Curator: Lisl Ponger
April 21 to June 6, 1999
The Jewish Museum Vienna is featuring a large-scale retrospective to commemorate the 70th birthday of the artist Georg Chaimowicz. This exhibition includes some 200 of his works, which consistently and indefatigably expose the fascist reality beneath society’s neo-bourgeois facade. At the same time Chaimowicz has never felt himself bound by the narrow limits of conventional anti-fascist graphic art nor does he sacrifice artistic form in any way to political content. This representative selection of an oeuvre that encompasses several thousand works gives a clear picture of the artist’s development.
Chaimowicz’s confrontation with neo-Nazism and anti-Semitism has exerted a major influence on his work since his return as a 20-year-old from Colombia in 1949. He has sought this confrontation with a tenacity that has even led to his legal prosecution. But whatever the courts might say, they have never been able to divert him from his protestation against the dangers of extreme right-wing and racist tendencies or his conviction that hate and persecution continue to smoulder under the surface, waiting to erupt again one day.
Chaimowicz work is cyclic and often features extended series of drawings over a period of many years in which grim and highly realistic portrayals of marching veterans, steel helmets, neo-Nazi thugs and biased judges are gradually stripped down to simple calligraphic forms. But just when it looks as if he is ready to take the last step from a plain white sheet to the imageless void, he will abruptly revert to a massive, black and menacing subject.
Curator: Reinhard Geir
”Murdering the Media” – Karl Kraus and The Torch (‘Die Fackel’)
June 23 to November 1, 1999
One of the most admired and controversial figures in literary history as well as the history of journalism is the focus of a major special exhibition at the Jewish Museum in Vienna: Karl Kraus (1874-1936). His journal “The Torch” (‘Die Fackel’) is today considered a unique phenomenon; for a quarter of a century Karl Kraus wrote this irregularly appearing publication practically on his own. The first issue of “The Torch”, which appeared in April 1899, already contained an apt formulation of Kraus’ ambition: ”The political program of this paper may well seem lacking; no resounding ‘What We Print,’ but rather an honest ‘What We Destroy’ is its guiding principle.”
In 1899 “The Torch” was something entirely new in the media landscape: a courageous journal which articulated its position provocatively, aggressively and satirically, and mercilessly took the other media of the age to task. The principal targets of its criticism were journalists and writers, corrupt officials, the nobility, and the wealthy bourgeoisie, whose mendacity, hypocrisy and lust for power Kraus closely observed and roundly denounced. The success of The Torch in its own time derived not least from its qualities as an independently oppositional journal. Today’s reader, however, is more likely to see a sharply focused image of Austrian society from the Danube Monarchy through the First Republic to the authoritarian regime of the Ständestaat.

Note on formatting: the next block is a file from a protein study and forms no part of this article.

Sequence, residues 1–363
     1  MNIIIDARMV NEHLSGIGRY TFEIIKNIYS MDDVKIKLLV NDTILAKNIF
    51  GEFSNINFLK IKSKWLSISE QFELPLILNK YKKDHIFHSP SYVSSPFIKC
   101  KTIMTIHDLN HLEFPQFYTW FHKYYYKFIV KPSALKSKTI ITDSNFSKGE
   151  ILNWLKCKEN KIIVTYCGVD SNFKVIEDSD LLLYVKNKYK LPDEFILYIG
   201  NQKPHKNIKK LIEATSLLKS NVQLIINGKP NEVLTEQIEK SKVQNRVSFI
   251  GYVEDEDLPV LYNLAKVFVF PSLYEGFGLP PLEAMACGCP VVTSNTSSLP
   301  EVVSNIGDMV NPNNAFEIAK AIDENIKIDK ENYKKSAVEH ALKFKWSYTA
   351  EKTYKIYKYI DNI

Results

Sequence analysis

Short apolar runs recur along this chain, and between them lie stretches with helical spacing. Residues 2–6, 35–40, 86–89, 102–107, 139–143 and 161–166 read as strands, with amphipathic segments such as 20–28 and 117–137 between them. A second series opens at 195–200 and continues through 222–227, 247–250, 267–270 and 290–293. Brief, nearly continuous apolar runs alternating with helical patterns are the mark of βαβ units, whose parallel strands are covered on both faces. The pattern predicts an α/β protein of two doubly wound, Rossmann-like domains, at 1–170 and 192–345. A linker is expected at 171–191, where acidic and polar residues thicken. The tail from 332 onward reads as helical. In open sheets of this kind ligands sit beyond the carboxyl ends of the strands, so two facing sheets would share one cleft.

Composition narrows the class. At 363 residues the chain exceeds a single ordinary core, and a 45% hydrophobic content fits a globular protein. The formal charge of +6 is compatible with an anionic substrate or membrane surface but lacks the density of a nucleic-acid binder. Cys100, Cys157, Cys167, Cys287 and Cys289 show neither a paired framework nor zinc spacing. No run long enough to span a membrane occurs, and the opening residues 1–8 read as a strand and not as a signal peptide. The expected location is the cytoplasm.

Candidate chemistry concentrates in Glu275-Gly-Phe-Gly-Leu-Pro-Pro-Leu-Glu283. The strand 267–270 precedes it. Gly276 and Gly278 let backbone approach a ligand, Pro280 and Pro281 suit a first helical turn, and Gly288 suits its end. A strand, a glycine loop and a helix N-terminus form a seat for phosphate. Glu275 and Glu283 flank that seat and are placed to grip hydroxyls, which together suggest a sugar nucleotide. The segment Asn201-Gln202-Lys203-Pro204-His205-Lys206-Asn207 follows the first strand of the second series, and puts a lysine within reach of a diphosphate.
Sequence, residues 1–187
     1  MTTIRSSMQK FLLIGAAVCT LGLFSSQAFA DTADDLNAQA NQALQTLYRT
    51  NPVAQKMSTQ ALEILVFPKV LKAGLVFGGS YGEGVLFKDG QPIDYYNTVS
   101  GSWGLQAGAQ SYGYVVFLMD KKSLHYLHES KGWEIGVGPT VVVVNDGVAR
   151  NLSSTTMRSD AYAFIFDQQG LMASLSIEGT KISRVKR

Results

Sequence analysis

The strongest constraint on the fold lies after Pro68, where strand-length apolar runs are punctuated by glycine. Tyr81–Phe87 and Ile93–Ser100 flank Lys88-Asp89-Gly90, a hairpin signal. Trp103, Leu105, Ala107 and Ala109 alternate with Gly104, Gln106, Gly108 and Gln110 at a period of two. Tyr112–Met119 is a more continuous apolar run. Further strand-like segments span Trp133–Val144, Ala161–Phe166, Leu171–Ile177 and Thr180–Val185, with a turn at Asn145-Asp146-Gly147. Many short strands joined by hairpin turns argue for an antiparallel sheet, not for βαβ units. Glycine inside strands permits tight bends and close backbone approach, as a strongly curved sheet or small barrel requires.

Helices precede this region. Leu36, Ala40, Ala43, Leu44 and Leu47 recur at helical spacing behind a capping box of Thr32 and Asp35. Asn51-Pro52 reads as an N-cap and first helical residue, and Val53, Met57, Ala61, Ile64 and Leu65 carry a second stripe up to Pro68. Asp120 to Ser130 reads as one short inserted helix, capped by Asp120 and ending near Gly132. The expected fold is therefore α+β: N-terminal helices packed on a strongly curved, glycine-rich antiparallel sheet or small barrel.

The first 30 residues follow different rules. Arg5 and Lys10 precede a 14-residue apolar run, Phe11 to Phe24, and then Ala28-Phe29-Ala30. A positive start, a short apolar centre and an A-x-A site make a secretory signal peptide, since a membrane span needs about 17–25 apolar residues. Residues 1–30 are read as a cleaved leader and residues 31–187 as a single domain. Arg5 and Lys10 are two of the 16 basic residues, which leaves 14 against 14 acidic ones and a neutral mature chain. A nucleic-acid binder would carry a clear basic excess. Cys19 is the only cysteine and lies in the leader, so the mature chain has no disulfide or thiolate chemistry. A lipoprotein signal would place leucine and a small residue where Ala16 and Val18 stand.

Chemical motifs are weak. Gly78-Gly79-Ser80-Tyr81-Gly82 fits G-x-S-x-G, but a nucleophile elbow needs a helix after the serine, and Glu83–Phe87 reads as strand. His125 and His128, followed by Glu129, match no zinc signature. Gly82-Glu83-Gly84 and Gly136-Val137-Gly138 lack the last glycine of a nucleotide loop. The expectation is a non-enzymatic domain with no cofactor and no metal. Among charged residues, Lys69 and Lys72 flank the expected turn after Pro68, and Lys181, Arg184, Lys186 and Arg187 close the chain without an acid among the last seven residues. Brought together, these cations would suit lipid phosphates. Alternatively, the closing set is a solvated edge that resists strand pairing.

The exhibition features the biography and literary working habits of Karl Kraus, the general as well as the specificially Jewish milieu of his era, and the complex process of composition and correction that characterized the publication of “The Torch”.
Curators: Heinz Lunzer, Victoria Lunzer-Talos, Marcus G. Patka
Traditional objects in modern form. Judaica from Bezalel
July 2 to September 5, 1999
The Bezalel School of Art, one of the most prominent art and design schools in Israel, was founded in Jerusalem in 1906 by the sculptor Boris Schatz. It has seen a number of developments over the years. Schatz’s aim was to create a national oriental style and to integrate local handicrafts. In 1935 Bauhaus artists who had emigrated from Germany took over the school and its master classes. The new directors embraced a strictly functionalist philosophy and emphasised the international aspect of art. Although Judaica were still made during this time, the main focus was on secular art. In the last few decades Bezalel has turned more towards modern European and American art. Through international projects and exhibitions, Bezalel’s teaching staff have managed since the mid-1980s to re-establish Bezalel’s deserved reputation for design of Judaica.